Eurozone industrial output unexpectedly fell in November as sharp declines in factory production across southern Europe offset encouraging signs of growth in Germany, raising fears that the effects of the debt crisis have yet to bottom out.
Industrial production in the single currency area dropped 0.3 per cent in November from October, marking the third consecutive fall, according to Eurostat, the EU’s statistical office. On an annual basis factory output plummeted 3.7 per cent.
The poor industrial output performance, in sharp contrast with economists’ expectations of a rise in activity, has cast serious doubts over analysts’ predictions that the worst part of the sovereign debt crisis is over.
A steady number of small and large companies have been shedding thousands of jobs – pushing unemployment to an all-time high since the introduction of the single currency in 1999 – and are wary of making any new investments.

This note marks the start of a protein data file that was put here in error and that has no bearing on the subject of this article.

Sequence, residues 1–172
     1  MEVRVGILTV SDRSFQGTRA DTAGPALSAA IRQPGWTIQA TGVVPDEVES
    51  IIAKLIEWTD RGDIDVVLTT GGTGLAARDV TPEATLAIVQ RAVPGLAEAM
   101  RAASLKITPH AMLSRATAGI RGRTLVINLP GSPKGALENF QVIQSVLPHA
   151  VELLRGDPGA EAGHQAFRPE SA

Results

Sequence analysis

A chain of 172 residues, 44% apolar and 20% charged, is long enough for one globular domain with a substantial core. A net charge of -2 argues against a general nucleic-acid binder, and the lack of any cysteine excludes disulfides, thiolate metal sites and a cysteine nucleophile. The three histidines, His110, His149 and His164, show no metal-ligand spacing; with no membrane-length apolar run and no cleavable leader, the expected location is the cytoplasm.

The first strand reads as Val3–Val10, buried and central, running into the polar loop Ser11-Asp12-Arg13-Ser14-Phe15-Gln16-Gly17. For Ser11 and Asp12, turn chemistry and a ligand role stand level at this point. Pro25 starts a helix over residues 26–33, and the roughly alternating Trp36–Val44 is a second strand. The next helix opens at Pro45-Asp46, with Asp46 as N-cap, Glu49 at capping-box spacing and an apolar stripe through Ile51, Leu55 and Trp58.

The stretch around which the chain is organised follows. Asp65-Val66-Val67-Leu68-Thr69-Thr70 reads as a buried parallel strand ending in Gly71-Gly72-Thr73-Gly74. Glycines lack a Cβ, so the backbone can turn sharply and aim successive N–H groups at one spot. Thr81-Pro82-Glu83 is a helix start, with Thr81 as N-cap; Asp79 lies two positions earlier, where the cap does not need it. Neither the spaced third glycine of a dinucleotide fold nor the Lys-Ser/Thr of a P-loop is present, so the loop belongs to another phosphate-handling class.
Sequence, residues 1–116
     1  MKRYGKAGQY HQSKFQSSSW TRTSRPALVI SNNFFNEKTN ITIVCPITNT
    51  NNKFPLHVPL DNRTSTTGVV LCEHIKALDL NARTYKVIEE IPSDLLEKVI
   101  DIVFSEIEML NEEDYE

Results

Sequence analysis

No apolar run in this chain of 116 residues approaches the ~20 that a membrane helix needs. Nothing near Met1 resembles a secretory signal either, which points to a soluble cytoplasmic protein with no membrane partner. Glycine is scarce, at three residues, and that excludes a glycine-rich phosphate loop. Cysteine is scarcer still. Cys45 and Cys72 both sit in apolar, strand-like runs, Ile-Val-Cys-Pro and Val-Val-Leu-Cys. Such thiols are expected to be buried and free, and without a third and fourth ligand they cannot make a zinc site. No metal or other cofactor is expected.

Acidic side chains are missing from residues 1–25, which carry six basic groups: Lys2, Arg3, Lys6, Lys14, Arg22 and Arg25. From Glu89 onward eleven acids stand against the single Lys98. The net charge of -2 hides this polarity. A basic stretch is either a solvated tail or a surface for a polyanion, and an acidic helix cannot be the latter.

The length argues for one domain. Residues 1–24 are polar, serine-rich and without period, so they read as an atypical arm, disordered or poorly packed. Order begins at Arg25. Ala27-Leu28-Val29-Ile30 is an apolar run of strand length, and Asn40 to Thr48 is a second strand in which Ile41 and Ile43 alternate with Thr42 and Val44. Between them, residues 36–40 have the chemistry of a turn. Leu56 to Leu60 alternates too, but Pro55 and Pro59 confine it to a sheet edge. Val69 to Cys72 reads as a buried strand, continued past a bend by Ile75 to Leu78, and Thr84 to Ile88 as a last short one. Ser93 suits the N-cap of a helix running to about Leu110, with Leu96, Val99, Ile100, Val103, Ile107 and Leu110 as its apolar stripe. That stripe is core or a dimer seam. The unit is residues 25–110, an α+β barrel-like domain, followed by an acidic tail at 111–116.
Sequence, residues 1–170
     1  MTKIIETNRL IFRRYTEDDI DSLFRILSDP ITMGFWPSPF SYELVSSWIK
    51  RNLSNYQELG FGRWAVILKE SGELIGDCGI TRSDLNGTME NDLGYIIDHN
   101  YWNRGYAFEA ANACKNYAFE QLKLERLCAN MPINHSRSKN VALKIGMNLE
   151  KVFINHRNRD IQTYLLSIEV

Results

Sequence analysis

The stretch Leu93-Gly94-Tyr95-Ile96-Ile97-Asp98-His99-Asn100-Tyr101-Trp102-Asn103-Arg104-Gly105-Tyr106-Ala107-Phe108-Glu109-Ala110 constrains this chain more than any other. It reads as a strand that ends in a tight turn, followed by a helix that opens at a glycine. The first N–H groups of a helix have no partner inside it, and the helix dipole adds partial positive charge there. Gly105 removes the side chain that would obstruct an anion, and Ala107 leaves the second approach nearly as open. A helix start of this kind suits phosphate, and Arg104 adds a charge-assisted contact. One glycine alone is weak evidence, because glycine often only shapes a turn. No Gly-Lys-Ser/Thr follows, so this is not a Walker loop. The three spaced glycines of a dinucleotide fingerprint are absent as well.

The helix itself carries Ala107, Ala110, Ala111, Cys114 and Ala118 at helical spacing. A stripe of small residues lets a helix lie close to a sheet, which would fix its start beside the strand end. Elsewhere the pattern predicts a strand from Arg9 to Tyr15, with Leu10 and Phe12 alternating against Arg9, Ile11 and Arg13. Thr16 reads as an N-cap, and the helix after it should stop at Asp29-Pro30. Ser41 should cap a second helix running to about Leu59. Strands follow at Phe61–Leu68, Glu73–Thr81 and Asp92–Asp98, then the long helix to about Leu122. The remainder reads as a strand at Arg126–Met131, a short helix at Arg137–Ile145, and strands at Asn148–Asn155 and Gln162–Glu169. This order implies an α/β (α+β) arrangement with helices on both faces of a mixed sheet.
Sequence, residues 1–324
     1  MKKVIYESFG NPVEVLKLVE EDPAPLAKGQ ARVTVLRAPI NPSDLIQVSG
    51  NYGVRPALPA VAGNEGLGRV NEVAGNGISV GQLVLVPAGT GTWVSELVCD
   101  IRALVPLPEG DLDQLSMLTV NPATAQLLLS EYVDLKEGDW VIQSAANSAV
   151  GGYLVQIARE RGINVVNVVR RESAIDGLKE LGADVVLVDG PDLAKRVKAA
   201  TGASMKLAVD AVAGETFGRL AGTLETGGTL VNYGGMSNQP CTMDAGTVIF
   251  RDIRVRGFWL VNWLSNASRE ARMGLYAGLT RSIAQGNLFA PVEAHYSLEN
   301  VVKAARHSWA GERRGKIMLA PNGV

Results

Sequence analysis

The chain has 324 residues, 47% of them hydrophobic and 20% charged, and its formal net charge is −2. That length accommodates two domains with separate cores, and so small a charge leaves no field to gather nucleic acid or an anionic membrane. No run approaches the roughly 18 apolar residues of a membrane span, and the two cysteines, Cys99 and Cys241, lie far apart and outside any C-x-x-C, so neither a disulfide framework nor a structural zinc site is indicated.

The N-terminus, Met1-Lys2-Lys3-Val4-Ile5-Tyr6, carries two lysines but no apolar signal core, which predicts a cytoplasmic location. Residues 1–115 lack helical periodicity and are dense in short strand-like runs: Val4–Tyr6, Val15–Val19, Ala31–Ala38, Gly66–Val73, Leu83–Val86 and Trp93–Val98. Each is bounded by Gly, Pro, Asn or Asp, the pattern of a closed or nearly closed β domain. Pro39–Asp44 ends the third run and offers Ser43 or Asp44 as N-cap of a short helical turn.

Annual investment in the 27 countries of the EU dropped by more than €350bn between 2007 and 2011, according to a study published last month by McKinsey, a clear indication that the bloc is unlikely to see a swift return to economic growth.
Among the countries that suffered the sharpest contraction in production in November were Italy and Spain, where output fell 1 per cent and 2.5 per cent respectively.
Weak data from Rome and Madrid weighed on the entire eurozone and cancelled out the marginal improvements in Germany and France, where output rose 0.1 per cent and 0.5 per cent respectively.
However, several economists said that despite the negative November data there were more recent indicators suggesting that Europe could return to economic growth early this year. They include falling yields on sovereign bonds, strong capital inflows, an increase in bank deposits and an improvement in business confidence surveys.
“The worst is behind us,” David Mackie, an economist at JPMorgan, said. “We believe that the euro area will exit recession in the first half of this year.”